The first part of ‘The Witcher‘ Season 3 kicked off with a bang. Geralt of Rivia, one of the most notable monster hunters in fiction, has returned, and what is the monster hunter without abominable creatures to slay? Nothing, and so the series’ bestiary keeps on expanding. From ghouls to spirits to fused abominations, we’ve seen plenty of creatures over the course of the series, but in episode 1 of the third season, we’ve seen something interesting, to say the least, because Rience the fire sorcerer employed one bizarre monster to track down series – Jackapace. So we’ve decided to explore everything about it.
Jackapace is a monster specially bred to be able to track down elves. It’s extremely violent and is fed with meat or human remains when those are available. Jackapace is a show-only monster, which means that it doesn’t appear in the books (or the games). However, ‘The Witcher 3: Blood & Wine’ expansion did add a monster similar to Jackapace, a Shaelmaar, an armadillo-like monster completely blind that uses echolocation to navigate the world once it finds itself on the surface.
Now that we’ve covered in short what Jackapace is, it’s time to explore it in a bit more detail. If you’re interested in more, stay with us and keep reading!
Jackapace was bred to sniff out possible elves and deal with them
Episode 1 of Season 3 of ‘The Witcher’ showed us that Yennefer, Ciri, and Geralt practically have no respite from the fact that the whole Continent is looking for Ciri. She is either to be a political pawn or a part of some terrible and ancient prophecy, either to bring doom to the land or prosperity.
Rience, the fire-wielding sorcerer, is just one of the people looking for Ciri, and he is employing some monstrous methods to find her, leaving behind him, more often than not, a trail of destruction.
And so Rience found himself at the one monster tamer, who is, as Geralt so eloquently put it, “stupid enough to deal with Jackapace.”
We saw Jackpace being fed, and it did not sound pretty, so imagine what the monster could do unleashed.
Apparently, according to the show, Jackapaces were bred to track down elves and deal with them. It’s just one more remnant of the period from when Elves and Humans were at war with each other and shows us the long history of animosity between the two races.
Jackapace is completely blind and presumably uses only his smell to locate his targets; since Rience had Ciri’s blood and Ciri is half-elven, it doesn’t surprise us that the monster was able to find her in record time.
Jackapace resembles a giant armadillo and is able to curve up in a ball and uses this as its preferred method of movement. The monster is also protected by its thick shell. It’s terrifying, but luckily Geralt managed to deal with Jackapace in record time.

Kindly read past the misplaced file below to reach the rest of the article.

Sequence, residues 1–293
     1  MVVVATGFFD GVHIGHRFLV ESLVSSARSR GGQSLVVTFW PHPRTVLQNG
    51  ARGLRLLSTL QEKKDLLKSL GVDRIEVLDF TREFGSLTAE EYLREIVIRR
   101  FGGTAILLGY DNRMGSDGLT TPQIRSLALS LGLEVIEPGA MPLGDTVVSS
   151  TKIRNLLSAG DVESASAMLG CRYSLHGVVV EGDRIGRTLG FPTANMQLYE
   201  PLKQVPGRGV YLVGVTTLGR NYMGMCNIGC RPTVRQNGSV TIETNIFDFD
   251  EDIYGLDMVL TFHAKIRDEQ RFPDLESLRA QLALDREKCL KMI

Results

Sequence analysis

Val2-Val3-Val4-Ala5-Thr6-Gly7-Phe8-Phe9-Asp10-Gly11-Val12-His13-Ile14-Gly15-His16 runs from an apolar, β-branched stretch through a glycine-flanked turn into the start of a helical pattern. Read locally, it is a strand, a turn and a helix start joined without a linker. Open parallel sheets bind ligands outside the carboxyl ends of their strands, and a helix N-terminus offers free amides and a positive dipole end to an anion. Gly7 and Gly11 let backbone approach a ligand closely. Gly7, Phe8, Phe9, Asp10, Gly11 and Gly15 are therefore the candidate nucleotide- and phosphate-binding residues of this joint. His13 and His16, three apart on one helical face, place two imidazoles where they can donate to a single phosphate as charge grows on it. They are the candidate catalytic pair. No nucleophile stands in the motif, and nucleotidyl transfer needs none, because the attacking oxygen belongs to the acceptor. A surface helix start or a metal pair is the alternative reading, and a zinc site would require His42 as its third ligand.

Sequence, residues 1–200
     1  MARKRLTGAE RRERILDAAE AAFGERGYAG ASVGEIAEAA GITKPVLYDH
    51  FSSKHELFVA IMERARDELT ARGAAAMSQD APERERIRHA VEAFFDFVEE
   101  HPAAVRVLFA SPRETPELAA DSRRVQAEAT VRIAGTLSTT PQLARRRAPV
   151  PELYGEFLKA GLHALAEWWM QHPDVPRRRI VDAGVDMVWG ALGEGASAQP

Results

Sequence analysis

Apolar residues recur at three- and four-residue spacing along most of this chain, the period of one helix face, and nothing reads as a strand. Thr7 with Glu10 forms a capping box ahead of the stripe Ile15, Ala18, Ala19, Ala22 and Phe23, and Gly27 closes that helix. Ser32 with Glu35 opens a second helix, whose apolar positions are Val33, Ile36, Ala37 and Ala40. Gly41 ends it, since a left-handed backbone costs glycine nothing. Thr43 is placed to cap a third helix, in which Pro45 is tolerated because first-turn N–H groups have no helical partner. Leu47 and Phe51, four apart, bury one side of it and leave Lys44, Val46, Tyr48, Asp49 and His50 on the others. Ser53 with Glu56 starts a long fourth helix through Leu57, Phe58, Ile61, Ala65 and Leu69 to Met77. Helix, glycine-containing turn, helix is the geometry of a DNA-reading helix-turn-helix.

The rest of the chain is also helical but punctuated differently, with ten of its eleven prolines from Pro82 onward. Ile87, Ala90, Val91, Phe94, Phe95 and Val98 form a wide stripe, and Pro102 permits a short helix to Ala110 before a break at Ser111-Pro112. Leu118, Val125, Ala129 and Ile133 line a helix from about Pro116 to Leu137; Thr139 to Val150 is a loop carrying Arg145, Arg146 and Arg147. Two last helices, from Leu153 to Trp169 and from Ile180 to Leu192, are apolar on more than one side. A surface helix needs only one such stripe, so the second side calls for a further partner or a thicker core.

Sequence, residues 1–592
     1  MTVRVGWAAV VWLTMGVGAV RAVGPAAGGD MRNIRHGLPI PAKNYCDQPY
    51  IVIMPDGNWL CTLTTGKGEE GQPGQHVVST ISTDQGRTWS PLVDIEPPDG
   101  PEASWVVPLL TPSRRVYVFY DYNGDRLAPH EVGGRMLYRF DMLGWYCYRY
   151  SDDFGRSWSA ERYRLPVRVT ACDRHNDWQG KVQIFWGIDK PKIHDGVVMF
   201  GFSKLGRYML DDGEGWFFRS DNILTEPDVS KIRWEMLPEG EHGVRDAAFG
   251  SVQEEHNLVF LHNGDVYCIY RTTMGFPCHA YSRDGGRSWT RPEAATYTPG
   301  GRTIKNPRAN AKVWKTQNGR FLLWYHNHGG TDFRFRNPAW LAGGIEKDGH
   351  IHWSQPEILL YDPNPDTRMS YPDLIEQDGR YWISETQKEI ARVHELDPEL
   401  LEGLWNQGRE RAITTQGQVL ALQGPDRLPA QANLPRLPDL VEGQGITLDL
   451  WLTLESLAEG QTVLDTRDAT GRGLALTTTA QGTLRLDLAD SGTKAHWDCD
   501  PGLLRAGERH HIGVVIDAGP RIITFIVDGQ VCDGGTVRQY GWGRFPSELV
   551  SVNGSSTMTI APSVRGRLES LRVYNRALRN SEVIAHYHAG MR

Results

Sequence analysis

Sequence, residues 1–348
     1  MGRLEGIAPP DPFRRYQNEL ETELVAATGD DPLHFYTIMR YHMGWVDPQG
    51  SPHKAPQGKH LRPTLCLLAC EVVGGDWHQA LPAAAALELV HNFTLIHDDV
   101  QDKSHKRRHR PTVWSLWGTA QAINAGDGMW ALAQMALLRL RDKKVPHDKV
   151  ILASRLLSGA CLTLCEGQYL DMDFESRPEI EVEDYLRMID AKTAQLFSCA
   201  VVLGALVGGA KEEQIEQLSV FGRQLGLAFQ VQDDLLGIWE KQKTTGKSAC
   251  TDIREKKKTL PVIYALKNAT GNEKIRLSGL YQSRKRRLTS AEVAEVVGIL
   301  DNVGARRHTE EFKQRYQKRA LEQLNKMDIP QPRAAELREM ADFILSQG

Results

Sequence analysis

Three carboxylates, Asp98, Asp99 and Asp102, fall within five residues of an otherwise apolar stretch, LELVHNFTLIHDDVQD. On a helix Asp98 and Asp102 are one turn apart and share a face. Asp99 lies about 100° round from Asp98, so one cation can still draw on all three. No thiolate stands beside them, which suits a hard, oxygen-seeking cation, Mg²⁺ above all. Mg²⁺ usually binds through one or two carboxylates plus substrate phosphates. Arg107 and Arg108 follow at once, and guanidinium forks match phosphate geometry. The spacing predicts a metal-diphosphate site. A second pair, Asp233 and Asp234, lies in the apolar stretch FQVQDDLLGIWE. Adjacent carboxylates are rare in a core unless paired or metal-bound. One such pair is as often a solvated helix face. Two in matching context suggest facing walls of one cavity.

Is Jackapace a monster from ‘The Witcher’ books or games?
Jackapace is not from the books and games. It’s a completely original monster created for the show, as it seems, although there are similar monsters plaguing the Continent. Since Jackpace doesn’t appear in the games, we can’t tell you how to deal with it officially, but the players that played through ‘Blood & Wine’ expansion most likely remember one monster that Jackpace was probably based on.
Jackapace is similar to Shaelmaar
‘Blood & Wine’ expansion for ‘The Witcher 3: The Wild Hunt’ added more monsters to an already impressive bestiary. Although much of the focus of expansion was on vampires, still, we’ve got to see some interesting “side-monsters” from it.
During the quest ‘The Beast of Toussaint’, Geralt is in the arena, and he is supposed to fight an armadillo-looking monster called Shaelmaar. But what are Shaelmaars?
Shaelmaars are classified as relicts. They are monsters that spend the majority of their lives underground and, due to that, are rendered completely blind. Shaelmaars use echolocation to navigate the terrain and, due to that, can be distracted if their opponents are making a lot of noise.
For instance, banging your metal sword against the shield would confuse Shaelmaar’s echolocation sense since the soundwaves would bounce off other objects in the vicinity. They are protected by thick shells and are known to curl up in a ball just like Jackapace, and in that position, they charge at their opponents. They can be lethal in an instant if they charge with full force.
Shaelmaar’s are a menace for the occupants of Toussaint because they are known to make tunnels really close to the surface, causing tremors, and sometimes even whole buildings can collapse due to the extensive network of tunnels that the Shaelmaars dug up.
They are clumsy and cannot control their movements in the most precise ways when they are charging, so the players can turn this weakness to their side. Bombs, as well. You can always use bombs.
Shaelmaar’s feed on kikimore eggs and giant centipedes depend on the steady flow of other creatures who, in turn, feed on Shaelmaar droppings.
They rarely bother people, but when they do, it can result in catastrophe. Playing through the ‘Blood & Wine’ expansion, you will encounter 2 Shaelmaars in total. One during ‘The Beast of Toussaint’ quest, and another Shaelmaar is encountered during the quest ‘The Monster of Tufo.’
You are hired to explore the strange case of earthquakes underneath the house, and the “disturbance” ends up being an older Shaelmaar matriarch destroying everything in her way.